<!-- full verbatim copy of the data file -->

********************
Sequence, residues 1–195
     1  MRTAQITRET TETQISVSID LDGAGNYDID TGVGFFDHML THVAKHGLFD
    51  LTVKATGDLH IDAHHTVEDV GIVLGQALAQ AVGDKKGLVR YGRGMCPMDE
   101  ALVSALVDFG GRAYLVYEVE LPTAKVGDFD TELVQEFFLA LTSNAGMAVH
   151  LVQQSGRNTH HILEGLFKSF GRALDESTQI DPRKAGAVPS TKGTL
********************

Sequence, residues 1–195
     1  MRTAQITRET TETQISVSID LDGAGNYDID TGVGFFDHML THVAKHGLFD
    51  LTVKATGDLH IDAHHTVEDV GIVLGQALAQ AVGDKKGLVR YGRGMCPMDE
   101  ALVSALVDFG GRAYLVYEVE LPTAKVGDFD TELVQEFFLA LTSNAGMAVH
   151  LVQQSGRNTH HILEGLFKSF GRALDESTQI DPRKAGAVPS TKGTL